VIDAH Bechani remembers Matso, her eldest child, was the first to fall ill.
BY STEPHEN TSOROTI
At five years, Matso escaped a deadly pneumonia attack, but the condition left her frail and her lungs infected.
Her younger sister, seven-month-old Chipo was, however, unlucky. She succumbed to asthma.
Living in the remote hot and arid area of Matange in Muzarabani in the northern part of Zimbabwe, Vidah was oblivious of the killer that lurked at her homestead every day of her life.
“I only learnt about the killer when I visited Guruve Hospital,” said the distraught mother. “I could have lost them both.”
Matso and Chipo are just two of many children suffering from a killer condition prevalent in Zimbabwe as well as the rest of Sub-Saharan Africa where many children and women are susceptible to smoke-induced deaths.
Every year, according to the World Health Organisation (WHO), an estimated 4, 2 million people in the world die from exposure to smoke inside their homes.
In Sub-Saharan Africa, more than 39 600 deaths are recorded, making it another leading cause of deaths for women and children in the sub-continent.
WHO observes that many of the fuels and technologies used by households for cooking, heating and lighting present safety risks?
The ingestion of paraffin is the leading cause of childhood poisonings, and a large fraction of the severe burns and injuries occurring in low- and middle-income countries are linked to household energy use for cooking, heating and/or lighting.
“The figures are shocking,” said Shepard Zvigadza, director of ZERO, an organisation that works on providing clean and sustainable energy solutions.
According to Zvigadza, women and children succumb to indoor air pollution because of the many hours they spend exposed to fuel wood, charcoal, paraffin stoves and lamps in their homes.
He said such cooking practices were inefficient and used fuels and technologies that produced high levels of household air pollution.
He said alternatives such as Liquid Petroleum Gas (LPG) stove should provide women with a clean, energy efficient means to feed their families.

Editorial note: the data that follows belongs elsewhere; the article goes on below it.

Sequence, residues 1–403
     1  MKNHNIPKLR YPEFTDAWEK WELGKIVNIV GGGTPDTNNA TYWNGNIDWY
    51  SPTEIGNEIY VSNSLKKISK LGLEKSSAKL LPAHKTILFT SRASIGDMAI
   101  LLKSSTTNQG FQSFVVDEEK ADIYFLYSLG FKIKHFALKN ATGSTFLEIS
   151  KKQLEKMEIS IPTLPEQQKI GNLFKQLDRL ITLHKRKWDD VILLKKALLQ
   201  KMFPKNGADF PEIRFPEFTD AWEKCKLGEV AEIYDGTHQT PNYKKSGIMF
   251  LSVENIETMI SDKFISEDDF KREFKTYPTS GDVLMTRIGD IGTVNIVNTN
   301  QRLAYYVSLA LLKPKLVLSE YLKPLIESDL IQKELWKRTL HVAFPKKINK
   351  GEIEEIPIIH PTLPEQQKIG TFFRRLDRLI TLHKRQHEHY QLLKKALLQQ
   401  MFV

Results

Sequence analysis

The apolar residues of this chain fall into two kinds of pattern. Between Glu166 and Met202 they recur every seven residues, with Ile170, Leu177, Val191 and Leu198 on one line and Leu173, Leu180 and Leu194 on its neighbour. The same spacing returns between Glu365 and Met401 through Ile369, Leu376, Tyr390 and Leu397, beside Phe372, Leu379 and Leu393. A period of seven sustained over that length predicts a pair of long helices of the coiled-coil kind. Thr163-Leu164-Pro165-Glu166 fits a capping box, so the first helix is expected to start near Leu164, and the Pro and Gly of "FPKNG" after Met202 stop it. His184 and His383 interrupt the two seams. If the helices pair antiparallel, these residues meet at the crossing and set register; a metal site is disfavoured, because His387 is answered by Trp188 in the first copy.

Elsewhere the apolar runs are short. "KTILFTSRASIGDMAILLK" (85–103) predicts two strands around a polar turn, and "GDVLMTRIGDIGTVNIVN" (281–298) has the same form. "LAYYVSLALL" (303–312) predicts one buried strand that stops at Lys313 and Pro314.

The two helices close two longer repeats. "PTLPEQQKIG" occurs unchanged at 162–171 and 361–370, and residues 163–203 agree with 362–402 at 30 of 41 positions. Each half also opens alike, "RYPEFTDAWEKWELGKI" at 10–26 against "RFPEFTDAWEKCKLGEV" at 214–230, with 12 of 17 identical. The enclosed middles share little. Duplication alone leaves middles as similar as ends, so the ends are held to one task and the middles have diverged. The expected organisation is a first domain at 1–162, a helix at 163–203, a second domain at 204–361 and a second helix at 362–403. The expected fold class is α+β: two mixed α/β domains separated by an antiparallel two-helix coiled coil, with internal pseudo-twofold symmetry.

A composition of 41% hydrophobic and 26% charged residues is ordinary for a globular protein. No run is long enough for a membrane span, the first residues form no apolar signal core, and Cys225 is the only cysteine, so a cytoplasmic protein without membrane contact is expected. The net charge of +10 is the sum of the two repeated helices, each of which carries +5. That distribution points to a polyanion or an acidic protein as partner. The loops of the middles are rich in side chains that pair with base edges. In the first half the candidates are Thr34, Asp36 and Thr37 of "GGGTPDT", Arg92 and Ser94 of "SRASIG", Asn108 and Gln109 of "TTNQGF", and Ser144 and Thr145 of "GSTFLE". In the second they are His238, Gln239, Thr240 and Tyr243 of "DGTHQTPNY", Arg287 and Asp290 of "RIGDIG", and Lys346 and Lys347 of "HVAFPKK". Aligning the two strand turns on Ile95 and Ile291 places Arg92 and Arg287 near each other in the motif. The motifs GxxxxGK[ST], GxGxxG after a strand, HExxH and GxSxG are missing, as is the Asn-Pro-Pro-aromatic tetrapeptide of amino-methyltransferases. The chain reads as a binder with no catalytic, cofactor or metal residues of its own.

“Not only does it eliminate deadly smoke inside families’ homes, saving lives immediately, it also stops the need to spend many hours searching for firewood,” says Zvigadza.
While the Zimbabwe statistical office keeps track of health data of the major causes of death of women and children in the country, desegregated data on deaths related to smoke is still not readily available.
However, a Zimbabwe Statistical Multiple Cluster Survey of 2014 revealed that coal and other solid fuels were major risk factors for pneumonia, acute respiratory infections, and low birth weight among children and chronic respiratory diseases among adults.
The study found out that indoor air pollution levels in Zimbabwe were far above the WHO guidelines.
WHO guidelines were designed to protect public health from health risks due to a number of pollutants commonly present in indoor air.
Clean air is a basic requirement of life.
The quality of air inside homes, offices, schools, day-care centres, public place is an essential determinant of health lives and people’s well-being, according to former City of Harare health director, Stanley Mungofa.
“Exposure to indoor air pollution causes significant damage to health globally, especially in the developing countries,” he said.
In Zimbabwe about 94% of rural communities and 20% of the urban households use traditional fuels, mainly fuel wood, for cooking.
The rural–urban disparities of access to electricity stands at 83% of households in urban areas and only 13% in rural areas, states the 2012 national energy policy.
The lack of access to energy services dramatically affects and undermines health, limits opportunities for education, and can reduce a family’s potential to rise out of poverty, noted Practical Action.
Practical Action is tackling this issue through the use of more fuel-efficient woodstoves, which are both affordable and easy to use; cutting the amount of risky trips for firewood and allowing more trees the opportunity to grow.
Subsequently, burning smaller amounts of wood fuel means less smoke will engulf their homes and their lungs.
The organisation has also developed special metal smoke hoods that sit over a fire, drawing smoke straight out through the roof.
For Bechani, she is happy she still has her children, but the high medical bills are causing her sleepless nights.